On the way back, take the same chiva leaving from El Cedral back to Pereira – we took the one that left at 4.30pm. We’re not sure if there are any more leaving after that time – so please ask the driver on your way there to confirm!

What the Chiva looks like. Credits to

Do I need to acclimatize? The elevation of the city of Pereira is ~1,455m, and you’ll be starting the hike at 2,297m, and the highest point of the trek is ~3,900m at Laguna del Otun. We didn’t acclimatize but did take the hike easy as reflected from our hiking times. Keep in mind we were also carrying all our food and camping gear. As long as you pace yourselves, rest and hydrate, you shouldn’t need to take any extra days to acclimatize during the trek. However, if you do experience any high-altitude symptoms, descend immediately!

Do I need a tent? It depends – if you are planning to spend the night at La Pastora and going back to Pereira, then no. We didn’t see any beds in the Finca at El Jordan, and doubt there is any at the lodge at Laguna del Otun, so we’d suggest bringing a tent. We loved camping at the lake! Check out the time-lapse video below of where we camped!

Must-bring gear? Definitely raingear and waterproof hiking boots. You’ll likely encounter some rain if you’re hiking around late May – July, and even if not the paths may be muddy due to the wet season. Though we didn’t encounter any treacherous conditions, there were definitely instances where our boots were sunk a few inches into wet and thick mud, so waterproof boots are DEFINITELY a good idea.

The weather does get chilly as the altitude increases, so bring a warm thermal layer would be a good idea, and sleeping pads and bags for sleeping in the tent at night.

Bring cash for the chiva ride (5,300COP per person, 10,600 COP per person both ways as of June 2018), and some cash to pay for your campsite and/or hot meals at either La Pastora or El Jordan.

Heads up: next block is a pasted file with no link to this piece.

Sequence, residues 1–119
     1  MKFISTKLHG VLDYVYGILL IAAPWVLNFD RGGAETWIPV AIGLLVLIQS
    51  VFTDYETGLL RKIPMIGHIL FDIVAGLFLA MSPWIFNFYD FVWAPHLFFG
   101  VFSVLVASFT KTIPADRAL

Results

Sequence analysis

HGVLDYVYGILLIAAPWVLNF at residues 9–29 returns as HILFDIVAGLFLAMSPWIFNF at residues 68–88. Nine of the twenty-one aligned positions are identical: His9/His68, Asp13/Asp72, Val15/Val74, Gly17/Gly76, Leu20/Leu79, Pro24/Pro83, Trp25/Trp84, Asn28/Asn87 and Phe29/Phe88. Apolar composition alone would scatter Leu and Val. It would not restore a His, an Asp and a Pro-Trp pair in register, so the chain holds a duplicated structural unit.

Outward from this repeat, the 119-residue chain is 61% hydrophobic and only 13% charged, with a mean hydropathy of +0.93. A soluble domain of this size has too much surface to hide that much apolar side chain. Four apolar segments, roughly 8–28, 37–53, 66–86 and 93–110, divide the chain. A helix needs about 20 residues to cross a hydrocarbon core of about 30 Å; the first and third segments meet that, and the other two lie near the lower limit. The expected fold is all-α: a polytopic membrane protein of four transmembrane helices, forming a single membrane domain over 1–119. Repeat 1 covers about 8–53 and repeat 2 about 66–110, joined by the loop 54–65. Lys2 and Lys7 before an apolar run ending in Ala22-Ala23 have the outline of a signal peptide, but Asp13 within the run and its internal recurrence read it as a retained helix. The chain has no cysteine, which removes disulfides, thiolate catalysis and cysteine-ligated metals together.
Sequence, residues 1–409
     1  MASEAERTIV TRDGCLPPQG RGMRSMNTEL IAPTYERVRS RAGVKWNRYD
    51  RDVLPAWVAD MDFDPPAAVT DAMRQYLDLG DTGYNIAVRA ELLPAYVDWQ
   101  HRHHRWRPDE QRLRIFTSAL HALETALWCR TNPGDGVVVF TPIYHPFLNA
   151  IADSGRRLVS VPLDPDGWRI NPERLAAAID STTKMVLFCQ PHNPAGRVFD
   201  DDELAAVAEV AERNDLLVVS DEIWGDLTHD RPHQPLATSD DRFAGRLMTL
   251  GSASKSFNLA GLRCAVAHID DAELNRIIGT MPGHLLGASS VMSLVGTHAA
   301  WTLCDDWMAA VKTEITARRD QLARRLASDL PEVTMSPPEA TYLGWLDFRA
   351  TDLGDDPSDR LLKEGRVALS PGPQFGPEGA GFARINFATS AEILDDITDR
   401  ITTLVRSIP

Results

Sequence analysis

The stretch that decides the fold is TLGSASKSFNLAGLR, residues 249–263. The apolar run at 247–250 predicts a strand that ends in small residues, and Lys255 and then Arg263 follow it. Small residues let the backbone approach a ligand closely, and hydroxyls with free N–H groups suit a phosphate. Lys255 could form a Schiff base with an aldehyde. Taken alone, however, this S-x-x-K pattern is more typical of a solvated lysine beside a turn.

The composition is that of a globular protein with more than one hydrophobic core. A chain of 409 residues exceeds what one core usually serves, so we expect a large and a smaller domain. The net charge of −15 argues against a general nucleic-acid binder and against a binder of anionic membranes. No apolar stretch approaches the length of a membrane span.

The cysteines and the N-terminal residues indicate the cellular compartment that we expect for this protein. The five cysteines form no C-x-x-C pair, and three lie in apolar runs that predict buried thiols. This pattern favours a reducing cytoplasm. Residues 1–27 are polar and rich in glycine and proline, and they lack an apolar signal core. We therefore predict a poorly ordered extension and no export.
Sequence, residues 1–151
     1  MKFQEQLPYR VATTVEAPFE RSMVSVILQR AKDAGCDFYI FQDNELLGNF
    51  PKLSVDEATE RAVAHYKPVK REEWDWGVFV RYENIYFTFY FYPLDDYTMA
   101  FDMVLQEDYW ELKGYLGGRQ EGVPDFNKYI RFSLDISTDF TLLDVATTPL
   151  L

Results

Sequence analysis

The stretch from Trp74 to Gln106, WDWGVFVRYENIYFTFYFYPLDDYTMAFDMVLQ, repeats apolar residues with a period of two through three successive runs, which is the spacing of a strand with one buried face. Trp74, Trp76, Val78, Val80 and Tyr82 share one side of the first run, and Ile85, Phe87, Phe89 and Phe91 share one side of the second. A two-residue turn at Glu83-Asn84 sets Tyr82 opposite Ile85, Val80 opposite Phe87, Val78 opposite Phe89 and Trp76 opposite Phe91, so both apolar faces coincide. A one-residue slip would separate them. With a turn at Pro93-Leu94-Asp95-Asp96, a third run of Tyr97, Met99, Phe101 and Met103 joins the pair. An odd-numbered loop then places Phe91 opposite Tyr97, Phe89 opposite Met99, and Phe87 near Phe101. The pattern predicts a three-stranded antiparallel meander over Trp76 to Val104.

How much food do I need to bring? We brought enough food for a 3D2N trek, but realistically if you plan on paying for a hot meal at El Jordan the first night you can pack 1 less dinner. We weren’t planning on cooking any hot meals, to save weight on the cooking gear, so we brought bread, peanut butter, tuna, bars, trail mix and candy for the trek.

Water along the trek? There are limited water sources – but we did see a couple of streams on the way to El Jordan, and we had used water from Laguna del Otun as well. The fincas at La Pastora and El Jordan would have some water from the tap. Note that we cannot vouch for the cleanliness of the water – we did filter the water before drinking and they tasted fine. The water from Laguna del Otun was a little dirty – there are some areas at the edge of the lake with mud and scum, so we had to walk around a bit to find cleaner water to fill our bottles with.

Is the route crowded? We went on a weekday and it wasn’t crowded at all. There were about 8 others that started the hike with us but we only saw 4 of them at El Jordan (we assumed the rest stopped at La Pastora). We did meet a few others at El Jordan who came from other treks. On day 2 while hiking to Laguna del Otun we were pretty much all alone. On day 3, hiking back to the start, we did pass more people hiking towards El Jordan and La Pastora from El Cedral. It was a Saturday, so we assume on weekend trips you will see more people.

Making Colombian friends along the trek! They were listening to a live broadcast of the Colombia vs Senegal World Cup match so we pestered them for updates whenever our paths crossed!

TREAT THE FRAILEJONES WITH CARE! Last but very important note before we close off this blog post – these plants are VERY fragile and are currently endangered, so please tread with care when trekking amongst them. Please try not to step on or kick them while walking, and most certainly do NOT try and tear off or break off their leaves! Although they can withstand harsh weather conditions, once knocked over they will most certainly shrivel up and die. And frailejones grow painfully slowly (we heard the ones that were 2 meters tall took over a hundred years to grow!). Do your part in protecting them!